Speeches and Testimonies

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August 1, 2012



August 1, 2012

Thank you, Madam Chairwoman. My name is Daniel Roth and I am the president of National Futures Association. For years the futures industry has built an impeccable reputation for safeguarding customer funds deposited at FCMs in connection with futures trading. Now, for the second time in just nine months, we are dealing with a shortfall in customer segregated funds at an FCM. Once again, customers have suffered real harm, the type of harm that all regulators attempt to prevent.

The full facts are not yet known, but it appears that Peregrine's customer losses are the result of an elaborate fraud achieved through a set of forgeries and falsities rooted in both the firm's external and internal financial records. Forged external records included bank statements, bank confirmations, print-outs of daily online summary reports of bank balances, cashier's checks, bank acknowledgement letters, bank deposit tickets and bank receipts all purportedly from US Bank. The firm's internal financial records, including daily and month-end account reconciliations, general ledgers and trial balances were also false to the extent they were based on forged US Bank records. Moreover, Peregrine submitted to NFA false daily segregation reports, monthly financial statements and segregated investment detail reports, and annual certified financial statements. Even the firm's customer statements were false to the extent the firm led customers to believe that sufficient assets were on deposit to cover customers' liabilities.

I would like to review for this committee the recent chronology of events surrounding the Peregrine fraud, the fundamental changes that need to be made in the way we protect customer funds and monitor firms for compliance with the rules, how we are going to make those changes and the steps we have already taken.

NFA began an examination of Peregrine in mid-June. During the audit, we informed Peregrine staff that NFA was changing its method for obtaining bank confirmations to a web-based e-confirmation process. We had completed the necessary data entry for this process by the first week in July, and told Peregrine staff that the firm must authorize its participation in the e-confirmation process. On Sunday, July 8, Mr. Wasendorf, the Chairman of Peregrine, provided the required authorization that was sent to him a week earlier. The next day he attempted suicide.

As of the close of business on July 6th, the previous Friday, Peregrine had reported to us that the firm was holding approximately $380 million in customer segregated funds, with just over half of that amount on deposit at US Bank. On July 9th, Peregrine notified the CFTC and NFA of Wasendorf's attempted suicide and we immediately joined in a teleconference with Peregrine staff. We directed firm personnel to go to the bank and have the bank manager join the conference call to confirm the balances as of the previous Friday. The bank manager informed us that the actual balance in the account was approximately $5 million.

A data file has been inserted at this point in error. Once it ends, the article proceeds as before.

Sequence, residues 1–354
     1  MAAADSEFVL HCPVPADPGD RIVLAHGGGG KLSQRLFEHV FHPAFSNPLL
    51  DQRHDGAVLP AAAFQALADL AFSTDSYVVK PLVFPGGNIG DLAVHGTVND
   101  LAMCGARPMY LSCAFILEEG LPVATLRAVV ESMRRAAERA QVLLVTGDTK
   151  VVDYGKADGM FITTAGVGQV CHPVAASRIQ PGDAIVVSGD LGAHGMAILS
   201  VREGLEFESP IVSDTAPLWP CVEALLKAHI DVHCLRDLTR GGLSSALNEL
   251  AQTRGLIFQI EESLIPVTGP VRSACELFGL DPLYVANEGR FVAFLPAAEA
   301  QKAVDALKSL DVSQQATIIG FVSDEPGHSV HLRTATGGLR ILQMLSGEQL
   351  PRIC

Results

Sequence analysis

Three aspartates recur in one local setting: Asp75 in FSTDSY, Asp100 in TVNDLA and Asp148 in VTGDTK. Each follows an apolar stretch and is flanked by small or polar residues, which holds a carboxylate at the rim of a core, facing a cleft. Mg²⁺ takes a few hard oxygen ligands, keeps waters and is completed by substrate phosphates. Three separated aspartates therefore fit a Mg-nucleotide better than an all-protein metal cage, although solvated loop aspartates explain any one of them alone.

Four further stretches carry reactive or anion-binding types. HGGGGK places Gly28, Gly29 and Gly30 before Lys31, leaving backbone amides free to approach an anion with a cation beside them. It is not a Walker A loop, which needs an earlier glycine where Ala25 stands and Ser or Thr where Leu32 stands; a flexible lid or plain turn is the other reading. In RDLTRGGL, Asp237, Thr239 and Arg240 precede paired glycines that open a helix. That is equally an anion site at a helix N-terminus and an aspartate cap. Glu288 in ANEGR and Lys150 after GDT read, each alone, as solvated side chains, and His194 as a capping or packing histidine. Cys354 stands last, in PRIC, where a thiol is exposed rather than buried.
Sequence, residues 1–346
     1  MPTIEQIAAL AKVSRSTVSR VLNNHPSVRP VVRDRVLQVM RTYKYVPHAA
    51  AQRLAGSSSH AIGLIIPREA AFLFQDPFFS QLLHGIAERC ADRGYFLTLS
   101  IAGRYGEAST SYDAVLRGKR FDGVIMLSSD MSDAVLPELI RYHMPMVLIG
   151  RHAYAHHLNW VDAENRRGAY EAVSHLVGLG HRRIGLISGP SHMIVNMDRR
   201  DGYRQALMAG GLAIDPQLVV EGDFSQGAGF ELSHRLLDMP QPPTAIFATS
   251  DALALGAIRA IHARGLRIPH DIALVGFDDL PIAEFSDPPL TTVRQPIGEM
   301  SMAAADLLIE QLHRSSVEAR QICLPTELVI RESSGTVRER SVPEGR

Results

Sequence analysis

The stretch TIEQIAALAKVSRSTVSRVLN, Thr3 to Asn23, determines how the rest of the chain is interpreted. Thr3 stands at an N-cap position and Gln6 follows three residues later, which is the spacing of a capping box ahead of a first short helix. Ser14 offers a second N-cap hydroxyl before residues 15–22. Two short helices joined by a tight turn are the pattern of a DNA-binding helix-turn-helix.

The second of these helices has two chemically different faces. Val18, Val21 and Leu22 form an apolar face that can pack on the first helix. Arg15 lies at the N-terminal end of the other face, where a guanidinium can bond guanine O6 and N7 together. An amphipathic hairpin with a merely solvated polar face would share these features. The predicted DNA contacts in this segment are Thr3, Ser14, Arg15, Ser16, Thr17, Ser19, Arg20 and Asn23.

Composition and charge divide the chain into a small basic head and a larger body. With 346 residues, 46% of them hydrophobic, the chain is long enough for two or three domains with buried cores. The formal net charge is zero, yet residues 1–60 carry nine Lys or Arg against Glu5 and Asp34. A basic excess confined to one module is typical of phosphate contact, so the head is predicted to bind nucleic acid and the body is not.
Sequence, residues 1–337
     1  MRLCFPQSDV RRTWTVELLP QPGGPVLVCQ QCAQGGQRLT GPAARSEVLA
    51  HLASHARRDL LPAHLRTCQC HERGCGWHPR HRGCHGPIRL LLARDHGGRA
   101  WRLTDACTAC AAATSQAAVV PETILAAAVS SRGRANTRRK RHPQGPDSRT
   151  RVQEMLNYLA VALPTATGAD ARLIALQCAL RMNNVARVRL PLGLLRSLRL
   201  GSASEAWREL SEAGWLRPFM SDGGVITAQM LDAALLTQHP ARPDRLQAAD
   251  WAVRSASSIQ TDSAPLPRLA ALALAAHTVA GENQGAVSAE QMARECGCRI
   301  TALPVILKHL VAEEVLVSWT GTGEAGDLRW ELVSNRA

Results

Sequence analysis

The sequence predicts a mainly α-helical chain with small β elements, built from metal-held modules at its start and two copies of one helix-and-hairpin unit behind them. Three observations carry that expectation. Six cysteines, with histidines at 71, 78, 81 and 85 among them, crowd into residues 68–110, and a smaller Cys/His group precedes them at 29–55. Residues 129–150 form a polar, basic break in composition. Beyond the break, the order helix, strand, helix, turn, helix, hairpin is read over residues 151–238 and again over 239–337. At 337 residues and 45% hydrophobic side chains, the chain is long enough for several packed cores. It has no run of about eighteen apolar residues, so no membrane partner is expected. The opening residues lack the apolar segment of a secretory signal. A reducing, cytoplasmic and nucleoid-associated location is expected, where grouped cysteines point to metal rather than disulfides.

We then asked about the balances on the dates for which NFA had received written bank confirmations in our two most recent audits-in 2010 and 2011. Those bank confirmation requests had been mailed by NFA to the P.O. Box on the purported bank acknowledgment letter we had received for the customer segregated account. (In our experience, it is not at all uncommon for banks holding customer segregated funds to use P.O. Boxes to receive confirmation requests since it is a means for them to control the vast amount of paperwork they receive.) In this case, the bank manager informed us that the balances reflected on the two most recent confirmations received by NFA in 2010 and 2011 were similarly inflated.

NFA immediately issued an emergency Member Responsibility Action, freezing the firm's accounts and restricting it to trading for liquidation only. That night the firm's clearing FCM issued margin calls that were not met and began liquidating open positions. The next day the CFTC filed its injunctive action and the firm filed its bankruptcy petition. By then approximately 98% of customer futures positions had been liquidated.

This is certainly not the first time that NFA has taken emergency action in a fraud case involving forgery. We issue 8 to 10 Member Responsibility Actions per year, most after detecting some form of fraud, many of them Ponzi schemes. In most cases we uncover the fraud relatively quickly and close the firm before the losses mount too high. In a few cases, though, we have uncovered major frauds involving well over $100 million. Several of our cases, both large and small, have involved forged bank documents that were identified by our staff. What sets this case apart is that it involves a registered FCM, an elaborate, pervasive and convincing level of forgeries, and worst of all the loss of segregated customer funds.

This most recent case is an extremely painful reminder of the lessons we learned, and have acted on, after MF Global. The following points are clear:

  • For our markets to thrive, customers must know that their funds are safe.
  • It is the job of the regulators, both government regulators and SROs, to provide the public with the highest level of assurance possible.